The Board and Oxfam - a wholly unnecessary row


By Marcus Dysch
January 10, 2013
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So here we are again: the Board of Deputies once more finds itself mired in internal strife - and largely because its elected leaders tried to do the right thing.

We could spend an age debating – not for the first time – whether the Board stumbled into this embarrassing mess through weak leadership, a misunderstanding of its deputies’ concerns, its own complex democratic process, or a mixture of all three.

What is clear is that the Grow Tatzmiach joint campaign with Oxfam will help starving people – and that cannot be a bad thing.

But there is a deep and long-running problem at the Board and other great institutions of Anglo-Jewry: how to deal with issues that touch on Israel.

There seems a perennial struggle to decide which answer should carry most weight – should it be “is this good for us?”, or “is this good for Israel?”, which defines an organisation’s modus operandi?

Some of the grassroots anger is understandable – it is, after all, only five months since the meeting at which Board president Vivian Wineman and chief executive Jon Benjamin questioned Oxfam’s chief executive and Middle East director over the charity’s stance on Israel.

Mr Wineman said at the time that the NGO had been “receptive” to the Board’s position, and it is understood that the August meeting was seen as a turning point in relations between the organisations.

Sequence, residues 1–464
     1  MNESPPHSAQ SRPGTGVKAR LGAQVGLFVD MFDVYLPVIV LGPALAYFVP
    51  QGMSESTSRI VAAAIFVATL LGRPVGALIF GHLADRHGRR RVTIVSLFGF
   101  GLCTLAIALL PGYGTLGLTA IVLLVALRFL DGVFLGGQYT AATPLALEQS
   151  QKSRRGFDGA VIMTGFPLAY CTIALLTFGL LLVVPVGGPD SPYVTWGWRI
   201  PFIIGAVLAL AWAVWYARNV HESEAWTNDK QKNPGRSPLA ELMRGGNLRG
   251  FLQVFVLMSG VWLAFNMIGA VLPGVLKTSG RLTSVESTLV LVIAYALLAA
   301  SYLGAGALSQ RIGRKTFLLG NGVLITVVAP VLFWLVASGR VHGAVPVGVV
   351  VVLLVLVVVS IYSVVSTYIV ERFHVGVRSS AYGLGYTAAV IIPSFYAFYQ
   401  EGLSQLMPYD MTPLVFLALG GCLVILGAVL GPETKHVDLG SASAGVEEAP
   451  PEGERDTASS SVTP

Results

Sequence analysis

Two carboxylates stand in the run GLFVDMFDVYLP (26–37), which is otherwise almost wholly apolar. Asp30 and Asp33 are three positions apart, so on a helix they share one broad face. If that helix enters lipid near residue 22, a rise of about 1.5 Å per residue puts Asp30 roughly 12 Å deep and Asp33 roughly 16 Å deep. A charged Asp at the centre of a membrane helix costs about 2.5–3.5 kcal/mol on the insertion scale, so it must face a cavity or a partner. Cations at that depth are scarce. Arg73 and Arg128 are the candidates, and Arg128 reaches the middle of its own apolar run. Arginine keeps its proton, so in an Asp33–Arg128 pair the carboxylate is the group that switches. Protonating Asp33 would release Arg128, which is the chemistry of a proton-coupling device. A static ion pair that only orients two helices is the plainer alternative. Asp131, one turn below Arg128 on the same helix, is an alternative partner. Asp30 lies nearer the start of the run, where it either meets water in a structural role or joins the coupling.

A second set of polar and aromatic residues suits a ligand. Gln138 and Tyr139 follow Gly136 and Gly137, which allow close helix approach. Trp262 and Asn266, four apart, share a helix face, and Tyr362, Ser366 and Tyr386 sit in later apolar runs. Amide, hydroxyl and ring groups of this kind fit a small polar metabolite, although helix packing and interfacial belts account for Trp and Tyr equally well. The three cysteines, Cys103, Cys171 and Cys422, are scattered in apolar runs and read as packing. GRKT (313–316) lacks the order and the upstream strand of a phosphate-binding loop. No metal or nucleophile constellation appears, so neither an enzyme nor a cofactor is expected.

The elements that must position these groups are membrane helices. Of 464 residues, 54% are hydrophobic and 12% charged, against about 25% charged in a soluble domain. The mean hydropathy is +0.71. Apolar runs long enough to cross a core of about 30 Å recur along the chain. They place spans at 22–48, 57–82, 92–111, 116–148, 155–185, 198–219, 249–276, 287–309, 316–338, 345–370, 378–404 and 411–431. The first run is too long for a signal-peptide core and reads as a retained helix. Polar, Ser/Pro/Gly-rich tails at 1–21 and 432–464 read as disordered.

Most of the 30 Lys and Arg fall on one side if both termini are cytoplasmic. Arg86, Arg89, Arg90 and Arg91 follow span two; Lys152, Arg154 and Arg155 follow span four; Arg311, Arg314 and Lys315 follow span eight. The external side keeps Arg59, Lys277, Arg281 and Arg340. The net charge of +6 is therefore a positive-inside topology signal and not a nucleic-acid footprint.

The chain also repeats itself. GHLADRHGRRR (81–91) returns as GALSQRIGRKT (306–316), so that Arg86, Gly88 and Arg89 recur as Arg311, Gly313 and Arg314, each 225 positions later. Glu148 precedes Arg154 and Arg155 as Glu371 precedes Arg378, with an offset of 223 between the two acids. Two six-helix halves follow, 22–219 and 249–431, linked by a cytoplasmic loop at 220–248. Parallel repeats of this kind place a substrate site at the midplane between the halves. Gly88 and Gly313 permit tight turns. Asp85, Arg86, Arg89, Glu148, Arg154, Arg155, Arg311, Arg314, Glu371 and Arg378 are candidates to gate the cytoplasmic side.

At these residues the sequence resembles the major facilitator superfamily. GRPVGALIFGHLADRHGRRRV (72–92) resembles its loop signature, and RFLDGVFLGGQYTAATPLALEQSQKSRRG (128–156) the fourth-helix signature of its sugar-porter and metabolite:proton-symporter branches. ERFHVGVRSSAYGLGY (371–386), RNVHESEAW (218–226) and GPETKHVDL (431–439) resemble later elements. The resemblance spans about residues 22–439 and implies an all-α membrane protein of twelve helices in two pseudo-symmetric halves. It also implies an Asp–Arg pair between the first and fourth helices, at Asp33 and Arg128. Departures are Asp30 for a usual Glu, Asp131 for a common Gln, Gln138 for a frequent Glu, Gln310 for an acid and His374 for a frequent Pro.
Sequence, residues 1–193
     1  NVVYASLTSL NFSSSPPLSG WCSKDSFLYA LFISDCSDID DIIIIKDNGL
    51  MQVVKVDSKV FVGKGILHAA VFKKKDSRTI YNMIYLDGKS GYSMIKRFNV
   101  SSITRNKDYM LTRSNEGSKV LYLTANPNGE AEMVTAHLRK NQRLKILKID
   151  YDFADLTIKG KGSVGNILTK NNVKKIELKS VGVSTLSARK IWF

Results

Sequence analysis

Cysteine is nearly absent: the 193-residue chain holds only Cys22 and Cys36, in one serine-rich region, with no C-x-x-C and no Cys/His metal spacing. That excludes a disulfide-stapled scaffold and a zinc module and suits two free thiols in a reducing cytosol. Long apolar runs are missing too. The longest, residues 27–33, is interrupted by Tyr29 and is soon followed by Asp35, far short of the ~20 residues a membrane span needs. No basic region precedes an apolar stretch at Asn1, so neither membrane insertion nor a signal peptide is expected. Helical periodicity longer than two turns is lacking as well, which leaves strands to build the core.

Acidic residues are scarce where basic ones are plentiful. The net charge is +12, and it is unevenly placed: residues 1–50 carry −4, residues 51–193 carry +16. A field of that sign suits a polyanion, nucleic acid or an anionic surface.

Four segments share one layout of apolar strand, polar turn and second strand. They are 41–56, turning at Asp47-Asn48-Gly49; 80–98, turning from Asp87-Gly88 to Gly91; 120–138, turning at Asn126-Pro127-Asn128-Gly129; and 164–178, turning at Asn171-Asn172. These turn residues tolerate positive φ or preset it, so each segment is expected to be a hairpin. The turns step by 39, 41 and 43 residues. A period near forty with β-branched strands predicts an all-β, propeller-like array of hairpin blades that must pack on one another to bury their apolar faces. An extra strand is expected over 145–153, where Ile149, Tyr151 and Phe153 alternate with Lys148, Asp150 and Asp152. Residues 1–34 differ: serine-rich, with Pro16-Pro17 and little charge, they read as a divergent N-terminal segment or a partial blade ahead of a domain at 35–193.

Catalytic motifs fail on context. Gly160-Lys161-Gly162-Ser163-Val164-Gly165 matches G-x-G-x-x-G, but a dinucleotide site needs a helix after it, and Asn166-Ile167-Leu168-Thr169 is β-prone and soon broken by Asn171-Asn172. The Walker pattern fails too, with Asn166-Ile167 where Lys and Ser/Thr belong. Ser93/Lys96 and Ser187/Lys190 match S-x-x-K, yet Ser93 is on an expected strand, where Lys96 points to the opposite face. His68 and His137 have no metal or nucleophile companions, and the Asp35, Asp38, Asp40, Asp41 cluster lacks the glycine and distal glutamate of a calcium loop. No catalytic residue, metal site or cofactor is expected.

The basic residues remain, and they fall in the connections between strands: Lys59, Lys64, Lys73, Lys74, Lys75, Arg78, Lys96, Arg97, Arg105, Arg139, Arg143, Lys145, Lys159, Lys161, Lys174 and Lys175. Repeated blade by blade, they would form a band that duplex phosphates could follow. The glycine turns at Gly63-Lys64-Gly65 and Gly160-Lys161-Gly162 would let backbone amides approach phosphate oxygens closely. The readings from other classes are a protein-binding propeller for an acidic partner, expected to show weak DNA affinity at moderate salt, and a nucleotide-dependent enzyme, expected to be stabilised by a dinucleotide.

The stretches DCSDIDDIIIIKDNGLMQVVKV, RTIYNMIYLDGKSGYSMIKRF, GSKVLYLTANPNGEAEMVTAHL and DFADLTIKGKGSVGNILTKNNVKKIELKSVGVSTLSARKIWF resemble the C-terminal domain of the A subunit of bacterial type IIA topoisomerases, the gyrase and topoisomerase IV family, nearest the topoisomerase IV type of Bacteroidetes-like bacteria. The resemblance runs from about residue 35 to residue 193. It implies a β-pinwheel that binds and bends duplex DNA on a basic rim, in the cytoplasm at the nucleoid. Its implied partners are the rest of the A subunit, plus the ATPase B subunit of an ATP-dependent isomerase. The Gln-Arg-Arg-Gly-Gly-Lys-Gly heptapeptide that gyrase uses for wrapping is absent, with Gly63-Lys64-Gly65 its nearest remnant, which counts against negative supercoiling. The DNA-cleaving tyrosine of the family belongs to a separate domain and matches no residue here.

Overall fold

But explain that to deputies who hold long grudges when it comes to those they believe to be “anti-Israel”. For many deputies it is a simple matter of “you are either with us or against us”. The most vociferous among them have little time for discussing nuances or debating the ins and outs of issues such as settlements or labelling policy.

Jonathan Hoffman’s claim that Oxfam is “institutionally anti-Israel” is rather wide of the mark. The charity is evidently not in the same league of visceral Israel hatred as some employees at Amnesty International or War on Want, which is quite blatantly an anti-Israel organisation under any definition of the term.

The Board leaders stand accused by their own deputies of gross naivety at jumping into bed with a charity which some claim is attempting to “launder its reputation” with British Jews.

One deputy likened senior vice-president Laura Marks’ actions to those of Neville Chamberlain in 1938 – quite some claim, and quite some exaggeration.

There are other issues bubbling under the surface here as well – in particular the changing demographics of the Board. Among the strongest support for Grow Tatzmiach is that coming from the younger end of the deputies spectrum.